Oil markets have been experiencing unprecedented bouts of volatility and dislocation since the pandemic started in early 2020. In fact, exogenous shocks to oil markets have been so large that prices followed extreme upward and downward swings in relatively short periods of time. This article aims to elaborate on those significant events since the pandemic and concludes with an outlook for oil prices in the near future.
At the start of the pandemic, a negative demand shock from large-scale global lockdowns amplified the effects of a supply glut that was accompanied by a “market share war” amongst oil exporters. This led to a market rout that was so severe that it caused a temporary collapse in market conditions, as inventories were above full capacity while at the same time transportation costs exploded. Brent crude, the most relevant benchmark for global oil trade, bottomed below the USD 20 per barrel mark in late April 2020.
From April 2020 to end of year 2021, crude oil prices experienced a remarkable turnaround. This was supported by a faster than expected post-pandemic global economic recovery and active output management by OPEC+ member countries, led by Saudi Arabia and Russia. An additional spike in oil prices early this year was further amplified by the Russo-Ukrainian conflict, which took Brent prices to close to USD 130 per barrel in March 2022.
However, crude prices have corrected significantly since mid- 2022, led by both higher than expected supply and lower than expected demand. On the supply side, higher volumes were the result of continuous and ongoing Russian crude exports despite sanctions, OPEC+ output increases and the emergency use of US oil strategic reserves. On the demand side, subdued activity was driven by Zero-Covid policies in China and an acute economic slowdown in Europe and the US, caused by the effect of higher inflation on disposable incomes and aggressive policy tightening across major economies.
Moving forward, despite continued volatility, Brent prices are expected to remain well supported with some upside potential. Two factors underpin our view.
First, oil prices are not particularly expensive in relative terms. The current overall cost of oil demand amounts to approximately 3.6% of global nominal GDP, much below the historically problematic threshold of 5% of GDP, when the “oil price burden” starts to affect consumption and investment in a more negative way. Last time, such event of a 5% price burden occurred during the Great Financial Crisis in 2008. If oil prices today were at 5% of nominal GDP, Brent prices would average USD 140 per barrel. This implies that the global economy could absorb Brent prices of up to this level before global demand is significantly impacted. At the time of writing, Brent prices are up more than 20% from pre-pandemic levels in late 2019 to the current level of around USD 80 per barrel. This is more or less in line with other major commodities and asset classes, such as copper, gold and the S&P 500 index of US equities, which implies that oil prices are following the more general trend of post-pandemic “asset inflation.”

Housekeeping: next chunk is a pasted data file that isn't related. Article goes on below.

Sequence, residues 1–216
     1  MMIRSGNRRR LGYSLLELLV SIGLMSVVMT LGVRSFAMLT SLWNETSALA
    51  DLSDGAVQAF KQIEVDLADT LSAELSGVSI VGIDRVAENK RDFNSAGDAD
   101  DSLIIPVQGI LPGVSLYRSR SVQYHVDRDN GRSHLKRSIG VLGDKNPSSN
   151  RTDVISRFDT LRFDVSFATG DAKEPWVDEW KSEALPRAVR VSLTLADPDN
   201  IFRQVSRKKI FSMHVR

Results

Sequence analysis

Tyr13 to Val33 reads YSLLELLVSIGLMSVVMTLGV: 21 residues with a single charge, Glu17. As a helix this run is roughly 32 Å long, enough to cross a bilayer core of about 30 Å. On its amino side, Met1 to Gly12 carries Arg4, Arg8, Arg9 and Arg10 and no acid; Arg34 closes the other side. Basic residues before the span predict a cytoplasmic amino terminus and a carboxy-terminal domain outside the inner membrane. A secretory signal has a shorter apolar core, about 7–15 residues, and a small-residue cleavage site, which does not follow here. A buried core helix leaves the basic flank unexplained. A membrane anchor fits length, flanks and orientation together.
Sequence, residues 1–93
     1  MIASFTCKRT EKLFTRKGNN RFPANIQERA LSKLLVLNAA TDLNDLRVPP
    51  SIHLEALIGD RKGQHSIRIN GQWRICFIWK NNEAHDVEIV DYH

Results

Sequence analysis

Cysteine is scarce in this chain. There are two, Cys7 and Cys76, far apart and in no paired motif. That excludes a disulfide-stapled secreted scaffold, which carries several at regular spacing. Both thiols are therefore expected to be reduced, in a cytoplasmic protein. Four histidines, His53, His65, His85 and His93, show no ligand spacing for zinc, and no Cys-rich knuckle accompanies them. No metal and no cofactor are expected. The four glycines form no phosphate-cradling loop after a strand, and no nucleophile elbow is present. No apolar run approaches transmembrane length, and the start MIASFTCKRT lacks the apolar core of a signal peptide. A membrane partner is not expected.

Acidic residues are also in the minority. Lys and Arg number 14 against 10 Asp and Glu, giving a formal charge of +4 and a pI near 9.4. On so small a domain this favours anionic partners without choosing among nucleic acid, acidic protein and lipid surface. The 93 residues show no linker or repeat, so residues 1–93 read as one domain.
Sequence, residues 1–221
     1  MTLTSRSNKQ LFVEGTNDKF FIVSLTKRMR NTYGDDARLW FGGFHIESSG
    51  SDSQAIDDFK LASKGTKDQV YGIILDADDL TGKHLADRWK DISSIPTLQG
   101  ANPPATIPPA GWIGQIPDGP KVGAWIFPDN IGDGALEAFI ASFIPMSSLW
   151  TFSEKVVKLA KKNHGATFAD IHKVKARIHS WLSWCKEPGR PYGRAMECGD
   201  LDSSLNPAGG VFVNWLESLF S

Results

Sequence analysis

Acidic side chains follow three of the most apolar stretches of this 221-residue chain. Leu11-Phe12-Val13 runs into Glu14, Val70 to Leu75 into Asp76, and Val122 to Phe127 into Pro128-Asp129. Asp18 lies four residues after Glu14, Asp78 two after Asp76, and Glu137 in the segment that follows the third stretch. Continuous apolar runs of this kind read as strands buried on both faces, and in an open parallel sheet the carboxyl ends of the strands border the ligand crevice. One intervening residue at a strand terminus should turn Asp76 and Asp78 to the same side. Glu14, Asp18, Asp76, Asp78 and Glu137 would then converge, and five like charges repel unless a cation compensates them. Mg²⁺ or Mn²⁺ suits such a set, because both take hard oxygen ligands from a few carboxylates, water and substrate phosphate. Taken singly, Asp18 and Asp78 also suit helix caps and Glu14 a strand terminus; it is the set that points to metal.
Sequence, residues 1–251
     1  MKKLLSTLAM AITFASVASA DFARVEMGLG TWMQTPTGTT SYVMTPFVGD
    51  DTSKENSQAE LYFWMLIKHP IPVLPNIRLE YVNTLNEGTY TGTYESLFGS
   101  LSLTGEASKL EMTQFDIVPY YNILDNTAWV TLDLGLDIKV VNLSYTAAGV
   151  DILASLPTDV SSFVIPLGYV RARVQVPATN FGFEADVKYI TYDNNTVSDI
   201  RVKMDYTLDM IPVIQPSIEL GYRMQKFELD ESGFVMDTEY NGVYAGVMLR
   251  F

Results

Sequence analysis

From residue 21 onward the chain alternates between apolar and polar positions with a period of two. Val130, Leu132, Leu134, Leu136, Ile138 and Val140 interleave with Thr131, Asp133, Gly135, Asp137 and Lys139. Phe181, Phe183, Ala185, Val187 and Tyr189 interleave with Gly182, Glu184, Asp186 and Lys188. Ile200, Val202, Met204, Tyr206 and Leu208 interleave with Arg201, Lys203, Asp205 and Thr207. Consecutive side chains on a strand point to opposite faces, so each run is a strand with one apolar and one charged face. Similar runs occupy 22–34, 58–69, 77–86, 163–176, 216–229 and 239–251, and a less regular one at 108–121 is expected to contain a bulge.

Second, we expect the supply-demand balance to move into volumetric deficits over the coming months. On the supply side, OPEC+ countries are already planning to reduce oil output in order to sustain prices above certain levels. Tighter European sanctions against Russian crude exports will start to be implemented, including newly established price caps on Russian supply, further disrupting energy trade. Shipping and transportation bottlenecks will prevent a full re-routing of Russian oil exports from Europe to Asia, which will then reduce Russian oil supply. In addition, the US government will be forced to stop selling crude oil from its strategic reserves as inventories are declining rapidly to multi-decade lows that threaten the country’s energy security.
On the demand side, after several quarters of negative economic growth de-ratings by analysts and international organizations, there is now scope for a more positive outlook. In fact, we expect stronger than previously anticipated economic growth in all major economies over the next couple of quarters, including in the US, Europe and China. High frequency data points to resilient US consumption. Winter in Europe is likely to be milder than expected, suggesting less damage from the energy crisis. China is set to benefit from a cyclical recovery as it gradually moves away from Zero Covid and presses ahead with policy easing. Hence, global demand for oil should increase.
All in all, crude oil prices could see further upside, as we expect physical markets to tighten further on the back of supply constraints and stronger global demand. We expect prices to be well supported in a range of between USD 90 and USD 115 per barrel over the coming quarters.
What's happening in Tunisia?
Subscribe to our Youtube channel for updates.